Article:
“Nope,” I reply with a chuckle.
“Then are you working with the CIA? On your way to Armenia? Azerbaijian? Or,” he gasps and points in a moment of realization, “Iran! You’re going to Iran, yes? Don’t worry. I won’t tell anyone, my friend.”
I laugh again. “No, but I like your imagination.”
He would be one of only three people I encountered in Kagizman who could speak any English.

We arrive in Kagizman and I grab my backpack, lost in a quiet market square. It becomes immediately clear that the town is as far from liberal Istanbul socially as it is physically. Headscarved women cast quick, hesitatnt glances at me. The men all sit in dimly lit tea shops, playing cards and smoking. The only visible banners all feature the face of long time Prime Minister Recep Tayyip Erdogan, leader of the ruling conservative Justice and Development Party. Long gone are the Starbucks and lingerie advertisements of the Europe-Asia straddling Istanbul. With the sun now setting, most of the streets are dark, unilluminated by either street or store lights.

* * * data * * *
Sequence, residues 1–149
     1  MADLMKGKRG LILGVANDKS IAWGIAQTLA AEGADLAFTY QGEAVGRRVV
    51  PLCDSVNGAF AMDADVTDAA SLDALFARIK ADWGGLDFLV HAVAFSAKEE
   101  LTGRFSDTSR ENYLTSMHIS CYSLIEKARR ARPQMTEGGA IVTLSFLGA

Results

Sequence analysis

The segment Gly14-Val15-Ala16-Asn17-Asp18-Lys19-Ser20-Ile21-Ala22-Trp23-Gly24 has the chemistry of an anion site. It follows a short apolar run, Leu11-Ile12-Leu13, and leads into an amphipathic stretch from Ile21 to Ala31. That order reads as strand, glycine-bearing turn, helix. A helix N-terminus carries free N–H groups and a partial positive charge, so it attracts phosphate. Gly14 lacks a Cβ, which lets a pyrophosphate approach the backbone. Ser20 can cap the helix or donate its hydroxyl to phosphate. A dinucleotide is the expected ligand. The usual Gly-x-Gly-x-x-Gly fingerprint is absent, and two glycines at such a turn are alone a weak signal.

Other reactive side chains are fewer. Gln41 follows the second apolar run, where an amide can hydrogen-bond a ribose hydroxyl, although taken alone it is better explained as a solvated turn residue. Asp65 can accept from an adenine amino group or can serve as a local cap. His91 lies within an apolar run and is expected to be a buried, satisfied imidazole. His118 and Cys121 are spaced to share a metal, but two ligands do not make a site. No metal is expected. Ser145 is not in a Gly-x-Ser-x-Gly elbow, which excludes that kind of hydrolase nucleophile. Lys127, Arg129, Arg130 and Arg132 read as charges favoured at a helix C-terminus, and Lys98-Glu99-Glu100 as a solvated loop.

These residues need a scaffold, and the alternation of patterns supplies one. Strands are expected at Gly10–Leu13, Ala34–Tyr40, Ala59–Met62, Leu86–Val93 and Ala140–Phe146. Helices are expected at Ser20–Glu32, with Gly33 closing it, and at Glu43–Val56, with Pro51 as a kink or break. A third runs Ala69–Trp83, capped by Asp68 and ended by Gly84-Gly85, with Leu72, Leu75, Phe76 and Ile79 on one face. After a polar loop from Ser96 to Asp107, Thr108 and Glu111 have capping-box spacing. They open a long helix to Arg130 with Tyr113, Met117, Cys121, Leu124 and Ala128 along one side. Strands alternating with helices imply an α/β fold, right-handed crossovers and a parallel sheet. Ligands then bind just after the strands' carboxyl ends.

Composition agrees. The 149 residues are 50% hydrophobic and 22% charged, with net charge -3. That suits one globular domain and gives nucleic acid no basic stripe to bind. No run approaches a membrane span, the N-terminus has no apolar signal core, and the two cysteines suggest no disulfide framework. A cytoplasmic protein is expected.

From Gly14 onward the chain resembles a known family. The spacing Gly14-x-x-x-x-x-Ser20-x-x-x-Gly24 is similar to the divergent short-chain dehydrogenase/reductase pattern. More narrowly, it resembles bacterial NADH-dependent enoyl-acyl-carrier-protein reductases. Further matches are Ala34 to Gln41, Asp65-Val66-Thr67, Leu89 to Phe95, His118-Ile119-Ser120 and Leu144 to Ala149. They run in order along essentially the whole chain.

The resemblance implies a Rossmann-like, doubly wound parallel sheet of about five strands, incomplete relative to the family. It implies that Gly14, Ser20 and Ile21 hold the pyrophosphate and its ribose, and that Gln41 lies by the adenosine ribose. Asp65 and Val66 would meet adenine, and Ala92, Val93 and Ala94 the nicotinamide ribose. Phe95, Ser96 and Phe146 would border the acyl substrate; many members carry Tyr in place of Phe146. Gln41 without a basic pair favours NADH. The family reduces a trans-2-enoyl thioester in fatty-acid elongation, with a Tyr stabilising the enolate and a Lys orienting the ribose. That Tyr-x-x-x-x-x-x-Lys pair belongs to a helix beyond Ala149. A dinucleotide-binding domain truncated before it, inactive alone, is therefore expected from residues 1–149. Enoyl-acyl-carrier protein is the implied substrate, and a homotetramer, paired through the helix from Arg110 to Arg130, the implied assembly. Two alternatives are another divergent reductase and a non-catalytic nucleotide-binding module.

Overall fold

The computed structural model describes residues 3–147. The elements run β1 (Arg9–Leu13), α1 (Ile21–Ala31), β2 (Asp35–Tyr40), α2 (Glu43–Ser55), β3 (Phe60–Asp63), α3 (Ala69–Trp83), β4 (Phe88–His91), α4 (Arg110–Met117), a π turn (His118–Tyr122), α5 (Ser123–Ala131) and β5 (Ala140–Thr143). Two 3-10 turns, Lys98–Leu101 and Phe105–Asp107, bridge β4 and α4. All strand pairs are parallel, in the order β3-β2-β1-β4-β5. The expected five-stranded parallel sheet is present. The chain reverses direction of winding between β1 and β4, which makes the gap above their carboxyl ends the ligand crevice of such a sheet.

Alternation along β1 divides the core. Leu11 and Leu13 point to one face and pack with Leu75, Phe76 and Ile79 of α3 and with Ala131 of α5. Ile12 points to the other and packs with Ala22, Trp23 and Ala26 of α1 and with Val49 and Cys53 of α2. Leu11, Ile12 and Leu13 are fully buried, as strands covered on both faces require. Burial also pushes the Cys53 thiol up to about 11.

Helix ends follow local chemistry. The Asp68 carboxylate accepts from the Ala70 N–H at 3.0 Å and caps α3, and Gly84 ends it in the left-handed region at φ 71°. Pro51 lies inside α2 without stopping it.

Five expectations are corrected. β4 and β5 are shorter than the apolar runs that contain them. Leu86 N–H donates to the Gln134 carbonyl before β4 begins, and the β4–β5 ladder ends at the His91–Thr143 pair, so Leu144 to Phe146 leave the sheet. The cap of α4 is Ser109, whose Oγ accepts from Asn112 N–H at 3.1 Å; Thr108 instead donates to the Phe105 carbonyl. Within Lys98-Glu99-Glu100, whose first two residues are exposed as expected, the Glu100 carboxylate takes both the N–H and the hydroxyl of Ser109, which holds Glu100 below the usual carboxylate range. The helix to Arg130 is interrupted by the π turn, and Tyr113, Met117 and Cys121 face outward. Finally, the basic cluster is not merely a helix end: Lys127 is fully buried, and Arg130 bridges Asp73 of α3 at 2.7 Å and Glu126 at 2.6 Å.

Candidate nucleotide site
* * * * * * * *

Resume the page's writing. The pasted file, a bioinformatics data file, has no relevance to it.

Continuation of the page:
I’m in eastern Turkey to visit the ancient Armenian capital of Ani. A thousand years ago, Ani rivaled Constantinople with 200,000 inhabitants and huge, grand cathedrals. Now it lies mostly in ruin on the modern border of Turkey and Armenia. With that border closed now for decades, Ani and its surroundings are almost entirely devoid of activity and life. It’s a thousand year old ghost town and just the sort of unique site I search for when traveling.

When traveling I try to use the online traveler network Couchsurfing as often as possible. Couchsurfing is more-or-less Facebook for backpackers except instead of looking at photos of people’s lunch, you use the site to offer or search for a place to stay. You have your profile, photos, friends, and all that stuff. When you plan on going to a new place, you search for it on the website and find locals who you can meet up and stay with. You need to trust strangers, however, so it turns some people off. Still, it’s a great way to get a perspective on a place that you’ll never find in a guidebook, and it’s why I’m now lost in the middle of Kagizman, miles away from anything else of note. I found one host in eastern Turkey who was relatively near Ani, but he wasn’t in Kars. He’s here in Kagizman.